Never Trust, Always Verify: Why Companies are Turning to the Zero Trust Model


For many years, auditors and IT professionals alike have used the motto "Trust, but verify". The massive influx of cybersecurity attacks and dramatic shifts in technology solutions over the past few years and the introduction of the Zero Trust security model has shifted that motto to "Never trust, always verify". It's no surprise that companies around the world are looking for ways to tighten their security posture by reducing access and security levels for staff members and contractors, ramping up physical and cybersecurity and focusing on ways to protect their digital assets.

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(Re)Defining Your Organization's Perimeter

The Zero Trust security model provides a robust framework for defining the perimeter of an organization. With staff members working from home, the rise of remote data access and the growth of cloud-based hosting and storage, companies are no longer able to protect only the physical barriers of their organization and expect to be successful. Network firewalls and VPNs are still necessary but are now simply components of a more comprehensive end-to-end solution. Implementing a Zero Trust model allows organizations to take full advantage of the flexibility needed for today's mobile workforce and advanced cloud storage and application power without limiting security levels.

Improving Visibility Into Assets and User Activity

Are you confident that your IT team has identified and is tracking all assets (physical and digital!) that are being used within your organization? What about random SurveyMonkey accounts, a test Azure profile or marketing platforms used only by one team? Today's complex organizations tend to grow organically, leading to an amalgamation of resources that are a moving target to maintain. If users or teams are allowed to create individual profiles within networks, this can lead to a variety of security breaches that can be challenging to identify or remediate.

With a Zero Trust approach, applications that attempt to communicate with your network are automatically deemed as "unworthy" without an identity fingerprint is provided. You're able to gain greater control over cloud-based platforms where sensitive customer data is stored while still providing users with the tools and information needed to be successful in their roles.

Six Foundational Elements of the Zero Trust Model

The core of the Zero Trust security model lies with ensuring that no one -- inside or outside the organization -- is inherently trusted. These additional layers of security are considered an integral part of reducing the possibility of breaches. With the costs of a data breach climbing into the millions of dollars for organizations of all sizes, it's vital that companies learn to integrate these six foundational elements that comprise the Zero Trust security model.

1. Identities

Defining the Zero Trust control plane is often considered the first step in bringing this strategy into your organization. Strong authentication is required to test and pass an identity from inside or outside the organization, with compliance access requirements. Once admitted, each identity receives the least privilege access principles to limit incursion into unapproved areas of the business.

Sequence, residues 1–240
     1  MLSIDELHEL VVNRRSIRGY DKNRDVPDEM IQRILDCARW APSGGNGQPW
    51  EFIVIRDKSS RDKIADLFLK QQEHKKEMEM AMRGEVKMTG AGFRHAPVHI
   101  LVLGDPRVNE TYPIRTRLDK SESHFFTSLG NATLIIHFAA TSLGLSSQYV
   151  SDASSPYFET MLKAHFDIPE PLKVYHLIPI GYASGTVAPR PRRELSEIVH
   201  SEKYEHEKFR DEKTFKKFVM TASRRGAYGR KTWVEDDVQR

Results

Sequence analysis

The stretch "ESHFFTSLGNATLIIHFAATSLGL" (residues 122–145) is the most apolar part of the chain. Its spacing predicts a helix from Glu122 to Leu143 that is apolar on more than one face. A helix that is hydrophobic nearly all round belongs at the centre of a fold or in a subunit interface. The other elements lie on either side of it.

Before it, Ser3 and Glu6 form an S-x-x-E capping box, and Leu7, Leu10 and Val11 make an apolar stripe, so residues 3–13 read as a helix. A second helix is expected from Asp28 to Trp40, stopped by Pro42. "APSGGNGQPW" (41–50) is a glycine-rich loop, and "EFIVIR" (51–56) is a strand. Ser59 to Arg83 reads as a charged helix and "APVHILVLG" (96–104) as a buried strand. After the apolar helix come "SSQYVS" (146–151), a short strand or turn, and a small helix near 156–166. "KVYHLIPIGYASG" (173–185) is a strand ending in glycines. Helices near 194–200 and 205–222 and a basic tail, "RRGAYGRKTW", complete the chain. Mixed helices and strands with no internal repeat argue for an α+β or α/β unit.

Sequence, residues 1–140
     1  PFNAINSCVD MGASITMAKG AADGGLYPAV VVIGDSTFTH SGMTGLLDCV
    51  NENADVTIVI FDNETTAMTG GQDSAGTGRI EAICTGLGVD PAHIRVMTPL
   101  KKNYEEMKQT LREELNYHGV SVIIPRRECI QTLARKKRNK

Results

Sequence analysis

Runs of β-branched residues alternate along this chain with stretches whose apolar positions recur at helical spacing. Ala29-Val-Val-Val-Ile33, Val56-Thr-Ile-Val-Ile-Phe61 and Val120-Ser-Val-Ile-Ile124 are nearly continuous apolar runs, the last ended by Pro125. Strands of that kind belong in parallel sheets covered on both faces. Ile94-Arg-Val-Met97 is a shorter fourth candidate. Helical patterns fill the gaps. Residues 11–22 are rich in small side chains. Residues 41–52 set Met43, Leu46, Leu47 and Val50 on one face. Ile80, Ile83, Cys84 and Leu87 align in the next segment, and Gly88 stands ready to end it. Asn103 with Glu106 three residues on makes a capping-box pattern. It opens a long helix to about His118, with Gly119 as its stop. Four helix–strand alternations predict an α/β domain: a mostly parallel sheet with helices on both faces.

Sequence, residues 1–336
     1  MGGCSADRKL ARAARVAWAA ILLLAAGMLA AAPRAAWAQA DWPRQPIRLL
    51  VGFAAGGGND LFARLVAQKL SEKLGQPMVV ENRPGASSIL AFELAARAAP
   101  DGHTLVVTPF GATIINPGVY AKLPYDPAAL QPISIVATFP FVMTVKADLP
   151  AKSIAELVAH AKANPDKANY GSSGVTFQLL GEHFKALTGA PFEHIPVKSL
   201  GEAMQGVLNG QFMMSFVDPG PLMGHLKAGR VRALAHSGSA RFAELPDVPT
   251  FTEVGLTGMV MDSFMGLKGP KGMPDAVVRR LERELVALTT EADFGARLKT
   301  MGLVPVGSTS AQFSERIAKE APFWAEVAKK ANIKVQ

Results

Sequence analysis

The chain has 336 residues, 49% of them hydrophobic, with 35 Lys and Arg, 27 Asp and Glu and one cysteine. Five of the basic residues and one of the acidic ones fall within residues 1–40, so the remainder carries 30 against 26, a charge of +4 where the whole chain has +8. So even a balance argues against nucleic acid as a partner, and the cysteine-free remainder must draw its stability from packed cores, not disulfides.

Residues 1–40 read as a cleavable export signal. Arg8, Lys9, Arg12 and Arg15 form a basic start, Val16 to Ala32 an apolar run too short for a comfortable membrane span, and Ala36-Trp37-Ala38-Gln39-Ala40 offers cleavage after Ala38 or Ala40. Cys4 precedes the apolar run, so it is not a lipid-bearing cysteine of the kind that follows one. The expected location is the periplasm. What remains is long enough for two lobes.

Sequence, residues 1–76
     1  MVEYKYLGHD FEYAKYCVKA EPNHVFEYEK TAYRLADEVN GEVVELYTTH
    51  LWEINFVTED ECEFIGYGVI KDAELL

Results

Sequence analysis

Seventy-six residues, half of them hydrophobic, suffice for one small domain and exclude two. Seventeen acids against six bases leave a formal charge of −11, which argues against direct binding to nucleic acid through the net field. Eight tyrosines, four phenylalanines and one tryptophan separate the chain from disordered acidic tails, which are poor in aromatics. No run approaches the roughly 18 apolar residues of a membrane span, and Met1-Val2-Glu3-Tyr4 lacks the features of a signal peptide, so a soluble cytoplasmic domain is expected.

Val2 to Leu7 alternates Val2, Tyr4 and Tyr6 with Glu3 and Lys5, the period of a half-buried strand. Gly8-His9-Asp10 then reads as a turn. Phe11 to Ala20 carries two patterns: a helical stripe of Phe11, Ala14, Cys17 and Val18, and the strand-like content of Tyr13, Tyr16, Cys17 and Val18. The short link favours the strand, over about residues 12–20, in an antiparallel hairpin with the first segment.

2. Devices

Business technology departments are overburdened attempting to maintain control of internal devices such as laptops and company-issued phones. When you add in the BYOD options and staff members working from home on less-secure personal computers, devices are becoming one of the key avenues for incursion into your sensitive information and business applications. Monitoring and enforcing device health is considered a critical component of any Zero Trust security process success.

3. Applications

APIs and applications can be cloud-based, on-premise, hosted remotely -- and any range of combinations you can imagine. This complexity introduces new opportunities for breaches, requiring active controls that ensure permissions are allotted utilizing security rules. Active monitoring and user action controls are critical components needed to provide additional layers of security.

4. Data

While the focus should always be on protecting data, this same data must still be able to flow smoothly to a variety of onsite and cloud-based applications. Users and customers alike need to securely access data via the web and a variety of devices, adding complexity to the situation. All data should be consolidated in secure locations, encrypted and with tight security added for user access permissions.

5. Infrastructure

Regardless of the configuration, your infrastructure can be vulnerable to both internal and external incisions. Version control and JIT access can help reduce the threat, but active monitoring and flagging abnormal behavior can help sustain security within your infrastructure.

6. Networks

Your network is the base layer over which all other operations can flow. With end-to-end encryption, active monitoring and aggressive machine learning analytics deployed, your team will gain confidence that your networks are protected and prepared to repel attacks.


If you are confident that your organization is able to fully address each of these Zero Trust security model challenges, count yourself extremely fortunate. For those organizations still struggling to close gaps, identify digital assets and ensure appropriate access levels for users, contact the professionals at Vertikal6 today and schedule a complimentary consultation with one of our Senior Consultants.

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